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Federal Power Subscription Work Group
Sponsored by:
Bonneville Power Administration (BPA)
Pacific Northwest Utilities Conference Committee (PNUCC)

Summary of August 6, 1997 Meeting

Portland Airport Sheraton

The Federal Power Subscription Work Group discussed sample product offerings presented by the Bonneville Power Administration and two business relationship proposals. About 40 people attended. The next meeting is August 20 at the BPA Rates Hearing Room.

Index (click item to move to topic)


Syd Berwager of BPA distributed a set of sample product descriptions, noting all are presented in the format the group "found to work pretty well" at the last meeting. We want to get feedback on whether these products have the features you are looking for, he stated. We've revised the first three products on the list based on the comments you made at the last meeting, Berwager noted. Today we have writeups on a dozen more products, and we'll have them for four more on August 20, he said.

Partial Service Product

This is for a "moderately complicated partial service customer," Berwager explained. BPA would provide firm power to serve loads beyond customer-owned and consumer-owned resources (such as a cogeneration facility at an industrial plant) and contract purchases. Berwager noted that BPA may also develop a product for an "extremely complicated" partial service customer.

"There are a lot of hairs being split here," commented a customer representative. Another participant said, while these product features appear clear-cut on paper, in practice, they can be muddied, and people can put a twist on them that could give them an unfair advantage. One individual suggested that instead of "looking behind the meter and color-coding the bumps in the load," BPA should define the product more simply. Rather than audit cause and effect, BPA should look at the load shape and figure a cost to follow that load shape, he said. That's better than all these fine distinctions that lead to gaming, agreed another participant.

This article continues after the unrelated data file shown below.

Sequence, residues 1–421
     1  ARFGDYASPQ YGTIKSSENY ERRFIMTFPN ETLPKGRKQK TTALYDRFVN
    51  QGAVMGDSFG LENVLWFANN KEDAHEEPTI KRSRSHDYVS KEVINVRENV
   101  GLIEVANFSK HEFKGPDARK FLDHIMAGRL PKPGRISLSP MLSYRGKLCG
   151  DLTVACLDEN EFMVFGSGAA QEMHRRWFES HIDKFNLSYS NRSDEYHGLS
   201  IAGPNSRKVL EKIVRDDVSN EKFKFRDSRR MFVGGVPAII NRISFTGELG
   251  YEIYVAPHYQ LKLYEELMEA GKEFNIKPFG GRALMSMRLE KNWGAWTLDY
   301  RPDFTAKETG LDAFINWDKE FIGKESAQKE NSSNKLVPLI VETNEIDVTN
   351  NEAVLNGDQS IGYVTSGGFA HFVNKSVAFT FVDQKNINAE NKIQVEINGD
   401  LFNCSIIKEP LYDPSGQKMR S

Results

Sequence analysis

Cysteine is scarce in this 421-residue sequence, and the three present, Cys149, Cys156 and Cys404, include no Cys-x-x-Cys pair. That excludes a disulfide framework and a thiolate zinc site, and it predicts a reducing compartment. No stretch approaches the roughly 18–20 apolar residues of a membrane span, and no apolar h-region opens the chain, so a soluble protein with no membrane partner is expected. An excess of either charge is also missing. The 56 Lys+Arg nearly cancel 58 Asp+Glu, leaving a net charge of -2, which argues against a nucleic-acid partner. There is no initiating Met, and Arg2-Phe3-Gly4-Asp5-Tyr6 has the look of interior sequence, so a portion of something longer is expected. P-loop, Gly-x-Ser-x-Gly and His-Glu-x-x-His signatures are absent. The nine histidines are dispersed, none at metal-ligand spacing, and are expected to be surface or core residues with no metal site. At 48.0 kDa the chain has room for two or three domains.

This product is set up to recognize there's an additional risk element and that's reflected in the price, stated a customer representative. The question is, does it create something that can't be tracked? said another. This is not the only moderate partial service product we could offer, Berwager pointed out.

The question of how much risk a utility puts on BPA and how BPA can calculate that risk adequately is a basic issue about all the products BPA is going to sell, said an agency representative. The difficulty is the great divergence in risk factors among customers and product uses, said a utility representative. If you go with the simpler approach, you average the risk among all the different customers, but not all customers may be happy to share the risk, he stated. The price of this risk is considerable, and there could be some major cost-sharing going on, he added. We didn't set out to average the risk-taking -- the intent is to reflect unique customer situations in the price, said Berwager.

This looks like "the old command-and-control BPA," commented a utility representative. I'd rather you get your prices right, tell us the price, and we'll respond, rather than doing a contract with "lots of analysts spending lots of time," he added. We need to decide if we are going to have infinite products where each customer's risk profile is evaluated by BPA and then gets a price, versus posting a price, which customers take if they want, stated a public interest representative.

The only way it could work with BPA negotiating one-on-one with each customer is if we can get BPA out of the position of being able to recover costs from transmission -- otherwise transmission users are the risk holders, said a utility representative. There needs to be more discussion about how to distinguish between economic load loss and retail access load loss, suggested a customer representative. Maybe the power and risk products should be sold separately, one individual said. The private sector could sell risk products, offered another.